Even if we accept this story, there are a number of problems to be faced before we can bring in the guilty verdict on Henry. The fact that the deal struck in 1972 was similar to that on offer in 1968 does not logically show that a better one (viewed from 1968) could not have been struck in 1972. There is no doubt that the American government would have liked to do just that. Kissinger himself has pointed out that of the 20,000 American troops killed in the Nixon period, 12,000 occurred in the first year before the change of policy could take effect - "clear legacies of the previous administration". When Nixon entered office, American troop numbers in Vietnam stood at 525, 000. By 1972 they had been reduced to 25,000.
There is something slightly naïve and touching when Hitchens displays shock at the Nixon campaign people "colluding with a foreign power" (12). Goodness gracious, has Hitchens read no history books? The House of Stuart sought the help of an enemy power, France, in its attempts to recover the British crown. In the Russian civil war, the Whites eagerly sought the help of Western Powers in their fight against the Reds. If I were to number all the opposition groups in Third World countries which have solicited the help of the U.S. since 1945 to overthrow the existing government, I could draw up a list the length of my arm. Why should American politicians thirsting for state power be denied what has been allowed to their confrères the world over? At least when Nixon's entourage colluded with the South Vietnamese, it was with a friendly power. None of this makes for very edifying reading, but is it the stuff of which war crimes are made?
Hitchens quotes approvingly General Telford Taylor, a chief prosecutor at Nuremberg, when Taylor states that if the standards of Nuremberg and Tokyo had been applied to the American statesmen and bureaucrats involved with Vietnam policy, "there would be a very strong possibility that they would come to the same end he (General Yamashita) did" (25). Later in the rush to establish the culpability of Kissinger, Hitchens mentions the trial of Koki Hirota, the Japanese Foreign Minister between 1933 and 1938. When Hirota heard of the 'Rape of Nanking' by Japanese forces, he demanded and received assurances from the War Ministry that any atrocities would be stopped. The Tokyo tribunal however, found Hirota guilty because he was "derelict in his duty in not insisting before the Cabinet that immediate action be taken to put an end to the atrocities." (29) Hirota was held responsible and duly sentenced to death. What holds for Hirota should hold for Kissinger maintains Hitchens.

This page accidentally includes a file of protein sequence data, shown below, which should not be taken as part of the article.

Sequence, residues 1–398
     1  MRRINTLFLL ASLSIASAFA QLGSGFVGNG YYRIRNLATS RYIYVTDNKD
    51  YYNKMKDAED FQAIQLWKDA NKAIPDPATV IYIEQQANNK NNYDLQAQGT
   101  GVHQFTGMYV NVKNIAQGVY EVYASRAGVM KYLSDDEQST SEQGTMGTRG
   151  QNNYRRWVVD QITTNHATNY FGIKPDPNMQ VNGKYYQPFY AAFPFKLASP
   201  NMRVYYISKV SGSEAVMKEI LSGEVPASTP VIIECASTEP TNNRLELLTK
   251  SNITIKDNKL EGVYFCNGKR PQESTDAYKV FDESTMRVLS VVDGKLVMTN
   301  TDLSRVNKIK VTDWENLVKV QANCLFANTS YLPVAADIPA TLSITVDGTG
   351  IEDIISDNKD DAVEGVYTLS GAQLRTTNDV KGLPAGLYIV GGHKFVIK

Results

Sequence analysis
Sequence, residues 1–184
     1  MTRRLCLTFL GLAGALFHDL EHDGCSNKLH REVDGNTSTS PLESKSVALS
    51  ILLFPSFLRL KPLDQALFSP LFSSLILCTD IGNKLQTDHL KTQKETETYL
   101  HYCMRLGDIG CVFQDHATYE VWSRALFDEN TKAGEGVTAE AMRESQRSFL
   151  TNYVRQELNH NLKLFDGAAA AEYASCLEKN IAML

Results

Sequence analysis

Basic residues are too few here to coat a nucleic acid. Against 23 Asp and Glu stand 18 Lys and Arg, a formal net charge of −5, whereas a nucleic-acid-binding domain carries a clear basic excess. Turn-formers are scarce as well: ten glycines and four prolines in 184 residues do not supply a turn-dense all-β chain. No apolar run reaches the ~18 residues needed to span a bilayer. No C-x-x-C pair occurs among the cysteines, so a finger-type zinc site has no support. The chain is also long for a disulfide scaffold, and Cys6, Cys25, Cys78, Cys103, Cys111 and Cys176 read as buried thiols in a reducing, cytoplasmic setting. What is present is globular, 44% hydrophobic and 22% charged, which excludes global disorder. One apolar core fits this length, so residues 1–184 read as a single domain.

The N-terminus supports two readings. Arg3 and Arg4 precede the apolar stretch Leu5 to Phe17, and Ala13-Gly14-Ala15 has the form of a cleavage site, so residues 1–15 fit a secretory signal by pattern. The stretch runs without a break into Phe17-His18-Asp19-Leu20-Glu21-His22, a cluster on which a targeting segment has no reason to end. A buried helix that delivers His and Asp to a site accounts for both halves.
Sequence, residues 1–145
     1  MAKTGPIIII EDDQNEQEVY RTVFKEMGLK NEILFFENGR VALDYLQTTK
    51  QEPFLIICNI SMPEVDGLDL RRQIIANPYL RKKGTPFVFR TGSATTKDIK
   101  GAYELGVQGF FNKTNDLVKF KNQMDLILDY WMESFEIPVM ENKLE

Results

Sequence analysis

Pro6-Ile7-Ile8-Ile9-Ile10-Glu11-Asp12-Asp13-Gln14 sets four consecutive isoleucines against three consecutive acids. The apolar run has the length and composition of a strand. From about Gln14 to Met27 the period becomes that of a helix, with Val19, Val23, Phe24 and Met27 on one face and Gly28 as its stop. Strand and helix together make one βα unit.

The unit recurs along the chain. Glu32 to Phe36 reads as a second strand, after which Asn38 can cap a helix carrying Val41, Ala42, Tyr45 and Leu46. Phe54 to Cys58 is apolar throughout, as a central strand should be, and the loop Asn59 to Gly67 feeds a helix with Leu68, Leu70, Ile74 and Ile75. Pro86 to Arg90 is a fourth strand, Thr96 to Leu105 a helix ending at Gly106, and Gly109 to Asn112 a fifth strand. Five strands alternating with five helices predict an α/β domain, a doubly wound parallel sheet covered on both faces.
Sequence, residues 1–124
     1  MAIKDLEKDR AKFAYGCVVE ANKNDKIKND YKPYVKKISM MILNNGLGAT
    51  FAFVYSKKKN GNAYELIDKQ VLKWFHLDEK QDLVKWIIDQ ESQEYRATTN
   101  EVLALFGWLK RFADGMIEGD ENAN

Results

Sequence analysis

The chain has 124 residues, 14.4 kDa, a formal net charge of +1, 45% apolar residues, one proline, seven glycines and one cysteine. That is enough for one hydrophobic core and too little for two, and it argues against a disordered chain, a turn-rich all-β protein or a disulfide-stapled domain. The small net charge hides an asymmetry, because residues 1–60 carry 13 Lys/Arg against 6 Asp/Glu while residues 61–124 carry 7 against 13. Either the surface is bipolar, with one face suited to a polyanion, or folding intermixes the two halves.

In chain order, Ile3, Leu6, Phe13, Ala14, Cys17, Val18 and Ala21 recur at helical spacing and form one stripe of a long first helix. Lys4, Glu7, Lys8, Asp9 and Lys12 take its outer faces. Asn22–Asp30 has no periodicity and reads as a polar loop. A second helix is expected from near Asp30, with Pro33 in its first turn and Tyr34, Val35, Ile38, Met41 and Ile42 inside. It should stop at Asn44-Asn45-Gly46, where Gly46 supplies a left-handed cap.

But fair-minded people might question the judgement against Hirota at Tokyo. Hirota, like Kissinger, had no control over troops in the battle zone. Hirota showed that he disapproved of misbehaviour by troops in the field and we don't know that Kissinger thought any differently from Hirota on this subject. People are fond of group guilt because it makes convictions easier. But is it right? Imagine that a person is the head of a firm and makes it clear that he thinks the law should be obeyed. Imagine further that some of his workers commit a robbery whilst working for the firm. Would it be fair to hold him responsible for their behaviour? I hold that the workers and any immediate supervisors should be held responsible. Similarly, I hold that the troops in Nanking and their officers should be held responsible for any misbehaviour which took place there.
And it really would be strange if a representative of the administration which did most to end the war in Indochina should be put on trial for the horrors which went on there. I would be more inclined to lay the blame on the two previous administrations of Kennedy and Johnson who both expanded the American presence in Vietnam One might add that the Kennedy White House mounted a successful coup against the South Vietnamese government in which the president, Ngo Dinh Diem, was killed. One might point out that Lyndon Johnson used a trumped-up naval incident to fool the American Congress into passing the Gulf of Tonkin Resolution thereby widening the war. In the hunting of Henry, Hitchens seems to be missing the real culprits.